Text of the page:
In Indian Kashmir, authorities have stepped up security following attacks that killed at least seven people, including two tourists, and injured dozens of others. The attacks have come at a time when domestic tourism to the Himalayan region is on the rise. Authorities say suspected Muslim militants targeted a group of tourists Saturday when they hurled a grenade at a crowded restaurant in Pahalgam, a popular holiday resort about 100 kilometers south of Kashmir's summer capital, Srinagar. Four people died, including two tourists, and more than twenty were injured.
A little-known rebel group called al-Nasireen claimed responsibility for the attack. A spokesman for the militants told reporters the attack was a warning to visitors that Kashmir is still a disputed territory.
In another attack, a hand grenade tossed at an army checkpoint in the border district of Kupwara missed its target, but wounded nearly two dozen civilians.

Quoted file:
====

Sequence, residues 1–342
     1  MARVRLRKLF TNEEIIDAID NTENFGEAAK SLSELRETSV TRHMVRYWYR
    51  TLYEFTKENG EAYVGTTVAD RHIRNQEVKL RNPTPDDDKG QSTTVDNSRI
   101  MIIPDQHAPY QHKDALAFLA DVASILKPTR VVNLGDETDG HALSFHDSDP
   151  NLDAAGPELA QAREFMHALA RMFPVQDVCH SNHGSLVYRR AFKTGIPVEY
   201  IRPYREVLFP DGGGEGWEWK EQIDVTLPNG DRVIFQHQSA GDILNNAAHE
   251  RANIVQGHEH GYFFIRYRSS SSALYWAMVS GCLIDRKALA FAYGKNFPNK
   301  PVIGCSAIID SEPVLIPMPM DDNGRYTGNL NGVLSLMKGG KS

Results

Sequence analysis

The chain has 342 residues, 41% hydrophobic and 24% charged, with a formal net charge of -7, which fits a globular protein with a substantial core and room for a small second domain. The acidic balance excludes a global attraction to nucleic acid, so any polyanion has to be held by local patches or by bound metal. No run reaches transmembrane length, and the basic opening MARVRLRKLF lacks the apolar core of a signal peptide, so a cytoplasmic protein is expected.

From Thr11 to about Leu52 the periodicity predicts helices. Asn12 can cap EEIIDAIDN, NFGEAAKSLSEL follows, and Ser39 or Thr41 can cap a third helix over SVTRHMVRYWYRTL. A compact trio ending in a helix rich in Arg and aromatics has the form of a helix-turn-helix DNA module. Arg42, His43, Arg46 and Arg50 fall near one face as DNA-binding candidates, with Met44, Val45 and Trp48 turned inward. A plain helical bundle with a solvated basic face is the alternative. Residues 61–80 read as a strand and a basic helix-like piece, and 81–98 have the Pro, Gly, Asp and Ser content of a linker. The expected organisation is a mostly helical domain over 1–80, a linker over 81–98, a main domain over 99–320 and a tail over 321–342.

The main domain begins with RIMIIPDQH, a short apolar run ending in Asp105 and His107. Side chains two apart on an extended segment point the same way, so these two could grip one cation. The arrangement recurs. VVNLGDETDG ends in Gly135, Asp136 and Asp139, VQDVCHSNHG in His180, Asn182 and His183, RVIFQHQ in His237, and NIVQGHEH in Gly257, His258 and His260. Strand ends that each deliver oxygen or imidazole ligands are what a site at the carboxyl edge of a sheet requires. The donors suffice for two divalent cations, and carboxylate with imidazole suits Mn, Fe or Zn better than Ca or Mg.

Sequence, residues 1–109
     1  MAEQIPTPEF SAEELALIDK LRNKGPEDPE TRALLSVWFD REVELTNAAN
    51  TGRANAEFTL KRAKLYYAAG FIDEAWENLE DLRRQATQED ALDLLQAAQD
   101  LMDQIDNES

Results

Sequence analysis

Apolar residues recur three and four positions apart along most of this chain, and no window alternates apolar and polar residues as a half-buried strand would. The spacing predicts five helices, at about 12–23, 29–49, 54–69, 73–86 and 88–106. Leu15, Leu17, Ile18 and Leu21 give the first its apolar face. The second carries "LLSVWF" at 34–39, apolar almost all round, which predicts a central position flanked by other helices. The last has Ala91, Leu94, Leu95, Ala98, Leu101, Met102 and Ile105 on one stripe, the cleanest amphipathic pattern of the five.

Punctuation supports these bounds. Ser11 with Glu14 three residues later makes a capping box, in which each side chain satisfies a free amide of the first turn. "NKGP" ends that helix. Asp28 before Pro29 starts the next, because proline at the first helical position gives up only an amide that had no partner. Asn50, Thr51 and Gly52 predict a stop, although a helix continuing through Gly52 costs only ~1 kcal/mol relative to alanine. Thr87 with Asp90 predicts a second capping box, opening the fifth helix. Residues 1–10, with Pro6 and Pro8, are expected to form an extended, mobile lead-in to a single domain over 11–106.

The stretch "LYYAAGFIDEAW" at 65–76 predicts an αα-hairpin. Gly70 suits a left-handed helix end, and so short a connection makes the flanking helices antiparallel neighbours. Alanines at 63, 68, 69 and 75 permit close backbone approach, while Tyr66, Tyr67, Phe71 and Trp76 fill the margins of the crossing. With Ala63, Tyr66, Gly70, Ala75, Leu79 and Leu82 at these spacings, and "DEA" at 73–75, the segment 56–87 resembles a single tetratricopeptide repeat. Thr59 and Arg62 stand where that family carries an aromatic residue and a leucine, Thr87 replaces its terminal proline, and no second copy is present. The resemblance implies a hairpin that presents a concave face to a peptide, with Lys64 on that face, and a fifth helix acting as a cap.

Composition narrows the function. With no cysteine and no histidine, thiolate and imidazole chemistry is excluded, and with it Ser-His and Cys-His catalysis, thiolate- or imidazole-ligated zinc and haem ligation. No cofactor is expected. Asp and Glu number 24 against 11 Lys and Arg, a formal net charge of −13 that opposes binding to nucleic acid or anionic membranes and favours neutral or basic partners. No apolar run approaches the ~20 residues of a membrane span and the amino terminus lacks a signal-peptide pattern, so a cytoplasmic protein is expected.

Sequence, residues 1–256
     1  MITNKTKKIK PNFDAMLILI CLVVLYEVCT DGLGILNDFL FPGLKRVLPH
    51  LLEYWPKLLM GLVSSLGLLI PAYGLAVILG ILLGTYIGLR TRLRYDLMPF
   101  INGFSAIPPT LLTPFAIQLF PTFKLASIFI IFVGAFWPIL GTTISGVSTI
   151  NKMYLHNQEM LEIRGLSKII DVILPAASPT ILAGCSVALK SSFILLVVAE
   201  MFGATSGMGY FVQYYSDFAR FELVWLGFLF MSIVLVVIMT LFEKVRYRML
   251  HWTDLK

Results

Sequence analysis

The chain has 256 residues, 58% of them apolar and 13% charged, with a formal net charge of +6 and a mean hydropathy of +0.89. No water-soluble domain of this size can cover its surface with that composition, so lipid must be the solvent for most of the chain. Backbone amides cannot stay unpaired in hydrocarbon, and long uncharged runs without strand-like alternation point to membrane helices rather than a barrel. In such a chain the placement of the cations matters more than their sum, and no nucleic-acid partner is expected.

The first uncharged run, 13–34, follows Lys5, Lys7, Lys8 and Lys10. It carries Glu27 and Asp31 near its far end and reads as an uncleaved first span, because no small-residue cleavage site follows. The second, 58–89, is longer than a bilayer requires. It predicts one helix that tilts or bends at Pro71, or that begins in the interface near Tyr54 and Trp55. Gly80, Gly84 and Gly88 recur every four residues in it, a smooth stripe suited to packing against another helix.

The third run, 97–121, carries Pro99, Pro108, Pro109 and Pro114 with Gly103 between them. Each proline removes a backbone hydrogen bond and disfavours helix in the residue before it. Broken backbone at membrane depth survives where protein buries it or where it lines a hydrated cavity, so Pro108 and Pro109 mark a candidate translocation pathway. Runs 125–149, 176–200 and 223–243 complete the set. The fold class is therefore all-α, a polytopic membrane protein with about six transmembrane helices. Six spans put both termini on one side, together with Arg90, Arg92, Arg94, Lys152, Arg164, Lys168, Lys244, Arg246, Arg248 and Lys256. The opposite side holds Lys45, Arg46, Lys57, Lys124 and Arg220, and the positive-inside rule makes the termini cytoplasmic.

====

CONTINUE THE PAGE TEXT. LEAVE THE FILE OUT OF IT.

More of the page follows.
Meanwhile, authorities say three suspected militants were killed in a gun battle about 100 kilometers north of Srinagar.
The spate of attacks has raised worries that the violence may scare away tourists from other parts of India, who have been flocking to Kashmir in droves. They have been encouraged by a relative lull in violence in recent months, and by recent peace moves between India and Pakistan.
An estimated 100,000 tourists have visited the state since the summer holiday season began in April, up from just 20,000 the previous year.
Kashmir's economy is traditionally dependent on tourism, but few visitors have traveled to the region since 1989, when nearly a dozen Islamic groups began fighting to free the Muslim-majority province from Indian control.
These Islamic groups have vowed to continue their struggle, despite signs of progress in the long-running dispute over Kashmir between India and Pakistan. Both countries claim all of Kashmir, which is divided between them.
India for years has accused the Pakistan government of supporting the Muslim militants. Islamabad denies the accusation.
The South Asian rivals are expected to discuss their dispute over Kashmir at talks later this month between foreign ministry officials. The new Indian government also says it is likely to hold talks with Kashmiri separatist groups in July.